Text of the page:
The synthesis of new phenothiazine derivatives containing, along with phenyl groups, fragments capable of forming intermolecular hydrogen bonds and capable of forming stable dispersions in water, will significantly expand the scope of their application in the composition of materials for photodynamic therapy.

In addition to working to obtain more stable dispersions, as well as water-soluble phenothiazine derivatives for use in medicine, the group also plans to move further to creating phenothiazine-cyclophane associates for use as colorimetric test samples to determine the content of toxic ions. Some of the results were published in Synthesis of Tris-pillar [5] arene and Its Association with Phenothiazine Dye: Colorimetric Recognition of Anions.

Both inquiries under Dr. Vladimir Gorbachuk's supervision were financially supported by the Russian Science Foundation (Project No. 18-73-00293).

Due to the structural similarity of arylamine derivatives of phenothiazine with emeraldine (a popular conductive organic polymer), research for obtaining electrochemically active stable dispersions based on the emeraldine-phenothiazine associate is also seen as promising.
-end-


Kazan Federal University

Related Science Articles:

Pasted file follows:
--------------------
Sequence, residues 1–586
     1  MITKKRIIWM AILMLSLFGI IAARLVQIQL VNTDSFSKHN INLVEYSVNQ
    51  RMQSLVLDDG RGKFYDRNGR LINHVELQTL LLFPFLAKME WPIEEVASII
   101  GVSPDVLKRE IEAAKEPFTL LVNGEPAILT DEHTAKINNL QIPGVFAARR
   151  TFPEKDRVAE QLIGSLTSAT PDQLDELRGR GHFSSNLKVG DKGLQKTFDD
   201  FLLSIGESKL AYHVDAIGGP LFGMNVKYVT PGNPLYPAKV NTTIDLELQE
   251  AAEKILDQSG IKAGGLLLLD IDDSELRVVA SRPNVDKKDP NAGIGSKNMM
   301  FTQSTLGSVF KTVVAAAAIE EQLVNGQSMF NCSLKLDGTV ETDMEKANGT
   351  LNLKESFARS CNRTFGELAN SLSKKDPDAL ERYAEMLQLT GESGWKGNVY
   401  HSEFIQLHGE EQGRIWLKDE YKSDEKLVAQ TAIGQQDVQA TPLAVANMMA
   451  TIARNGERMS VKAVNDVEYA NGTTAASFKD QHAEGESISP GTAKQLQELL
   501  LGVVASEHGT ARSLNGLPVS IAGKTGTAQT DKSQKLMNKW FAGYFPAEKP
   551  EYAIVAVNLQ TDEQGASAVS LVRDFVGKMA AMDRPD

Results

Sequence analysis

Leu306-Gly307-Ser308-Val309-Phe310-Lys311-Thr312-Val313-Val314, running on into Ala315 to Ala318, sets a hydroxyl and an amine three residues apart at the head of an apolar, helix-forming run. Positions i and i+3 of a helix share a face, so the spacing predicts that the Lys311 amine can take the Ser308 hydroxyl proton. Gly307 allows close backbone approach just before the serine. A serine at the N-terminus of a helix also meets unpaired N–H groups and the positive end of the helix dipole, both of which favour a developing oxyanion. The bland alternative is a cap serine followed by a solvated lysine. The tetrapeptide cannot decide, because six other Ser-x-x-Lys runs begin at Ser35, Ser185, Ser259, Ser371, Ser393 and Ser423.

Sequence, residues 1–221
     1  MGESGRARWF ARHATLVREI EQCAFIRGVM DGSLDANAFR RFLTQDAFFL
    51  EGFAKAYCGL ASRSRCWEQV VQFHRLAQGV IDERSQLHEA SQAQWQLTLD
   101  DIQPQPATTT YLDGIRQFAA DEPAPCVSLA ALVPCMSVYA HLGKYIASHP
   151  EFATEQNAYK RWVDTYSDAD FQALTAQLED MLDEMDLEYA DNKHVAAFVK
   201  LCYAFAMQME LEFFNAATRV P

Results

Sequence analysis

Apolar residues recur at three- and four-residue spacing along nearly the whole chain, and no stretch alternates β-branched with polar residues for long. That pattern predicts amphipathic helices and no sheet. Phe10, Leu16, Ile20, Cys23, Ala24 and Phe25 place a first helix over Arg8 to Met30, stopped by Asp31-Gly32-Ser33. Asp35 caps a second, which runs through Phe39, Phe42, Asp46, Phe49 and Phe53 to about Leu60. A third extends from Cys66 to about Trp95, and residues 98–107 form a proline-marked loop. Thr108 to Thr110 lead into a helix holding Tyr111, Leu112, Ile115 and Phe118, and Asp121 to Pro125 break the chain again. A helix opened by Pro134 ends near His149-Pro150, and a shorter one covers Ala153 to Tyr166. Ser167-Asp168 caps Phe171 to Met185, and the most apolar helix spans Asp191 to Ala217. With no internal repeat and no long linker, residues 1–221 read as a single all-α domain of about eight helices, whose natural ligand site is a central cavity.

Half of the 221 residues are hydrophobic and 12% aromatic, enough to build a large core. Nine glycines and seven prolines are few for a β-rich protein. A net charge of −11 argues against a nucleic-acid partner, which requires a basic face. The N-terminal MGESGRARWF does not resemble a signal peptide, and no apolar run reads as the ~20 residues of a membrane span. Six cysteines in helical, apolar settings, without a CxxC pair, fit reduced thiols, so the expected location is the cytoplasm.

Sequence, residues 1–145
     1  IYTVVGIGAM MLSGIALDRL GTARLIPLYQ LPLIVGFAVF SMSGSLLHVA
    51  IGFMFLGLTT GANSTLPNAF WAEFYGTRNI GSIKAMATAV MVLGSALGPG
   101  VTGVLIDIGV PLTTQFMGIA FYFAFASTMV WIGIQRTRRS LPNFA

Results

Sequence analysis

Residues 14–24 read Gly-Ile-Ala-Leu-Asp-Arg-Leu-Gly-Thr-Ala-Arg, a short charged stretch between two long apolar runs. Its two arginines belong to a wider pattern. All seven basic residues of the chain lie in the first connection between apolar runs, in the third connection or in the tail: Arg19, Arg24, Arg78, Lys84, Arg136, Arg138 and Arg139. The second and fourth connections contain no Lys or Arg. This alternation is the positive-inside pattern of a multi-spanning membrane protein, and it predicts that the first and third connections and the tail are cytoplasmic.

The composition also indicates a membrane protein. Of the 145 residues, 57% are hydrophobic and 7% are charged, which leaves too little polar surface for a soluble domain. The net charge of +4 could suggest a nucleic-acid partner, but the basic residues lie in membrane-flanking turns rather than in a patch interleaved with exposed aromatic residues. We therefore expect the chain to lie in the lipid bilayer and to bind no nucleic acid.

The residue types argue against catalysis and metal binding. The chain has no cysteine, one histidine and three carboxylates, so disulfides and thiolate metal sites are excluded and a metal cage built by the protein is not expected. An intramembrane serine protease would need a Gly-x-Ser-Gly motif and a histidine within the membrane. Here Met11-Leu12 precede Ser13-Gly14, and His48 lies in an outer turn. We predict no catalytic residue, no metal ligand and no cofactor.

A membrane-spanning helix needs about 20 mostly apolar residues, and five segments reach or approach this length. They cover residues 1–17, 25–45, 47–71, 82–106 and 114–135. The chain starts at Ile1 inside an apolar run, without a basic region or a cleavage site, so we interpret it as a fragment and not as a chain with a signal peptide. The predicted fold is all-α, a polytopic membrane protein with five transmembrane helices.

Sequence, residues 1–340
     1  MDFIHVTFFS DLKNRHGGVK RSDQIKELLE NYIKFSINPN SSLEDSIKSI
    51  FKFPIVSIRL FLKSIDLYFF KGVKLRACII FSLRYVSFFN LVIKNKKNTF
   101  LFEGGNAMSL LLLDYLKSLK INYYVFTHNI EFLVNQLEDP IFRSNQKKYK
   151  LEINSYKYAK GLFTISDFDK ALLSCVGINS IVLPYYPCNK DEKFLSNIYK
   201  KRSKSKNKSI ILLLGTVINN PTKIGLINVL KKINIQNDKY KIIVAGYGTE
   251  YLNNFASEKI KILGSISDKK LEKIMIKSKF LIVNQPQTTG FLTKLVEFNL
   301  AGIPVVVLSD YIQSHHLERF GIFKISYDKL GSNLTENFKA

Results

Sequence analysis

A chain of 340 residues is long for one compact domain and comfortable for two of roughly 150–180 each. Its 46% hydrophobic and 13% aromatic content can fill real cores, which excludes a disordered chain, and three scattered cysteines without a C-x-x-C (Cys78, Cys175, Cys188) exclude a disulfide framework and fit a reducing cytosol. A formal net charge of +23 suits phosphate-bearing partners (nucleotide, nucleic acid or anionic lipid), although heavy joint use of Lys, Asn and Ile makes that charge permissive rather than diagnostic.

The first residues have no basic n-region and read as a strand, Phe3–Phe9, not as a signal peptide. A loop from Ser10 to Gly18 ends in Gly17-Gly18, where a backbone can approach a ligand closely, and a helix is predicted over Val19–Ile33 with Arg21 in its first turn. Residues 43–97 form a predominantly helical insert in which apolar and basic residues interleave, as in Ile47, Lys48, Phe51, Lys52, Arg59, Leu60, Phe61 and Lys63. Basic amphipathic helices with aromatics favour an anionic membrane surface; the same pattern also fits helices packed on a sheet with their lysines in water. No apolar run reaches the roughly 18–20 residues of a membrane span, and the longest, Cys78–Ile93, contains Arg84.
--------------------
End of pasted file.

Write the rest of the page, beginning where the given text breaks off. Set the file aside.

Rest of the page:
75 science societies urge the education department to base Title IX sexual harassment regulations on evidence and science
The American Educational Research Association (AERA) and the American Association for the Advancement of Science (AAAS) today led 75 scientific societies in submitting comments on the US Department of Education's proposed changes to Title IX regulations.
Science/Science Careers' survey ranks top biotech, biopharma, and pharma employers
The Science and Science Careers' 2018 annual Top Employers Survey polled employees in the biotechnology, biopharmaceutical, pharmaceutical, and related industries to determine the 20 best employers in these industries as well as their driving characteristics.
Science in the palm of your hand: How citizen science transforms passive learners
Citizen science projects can engage even children who previously were not interested in science.
Applied science may yield more translational research publications than basic science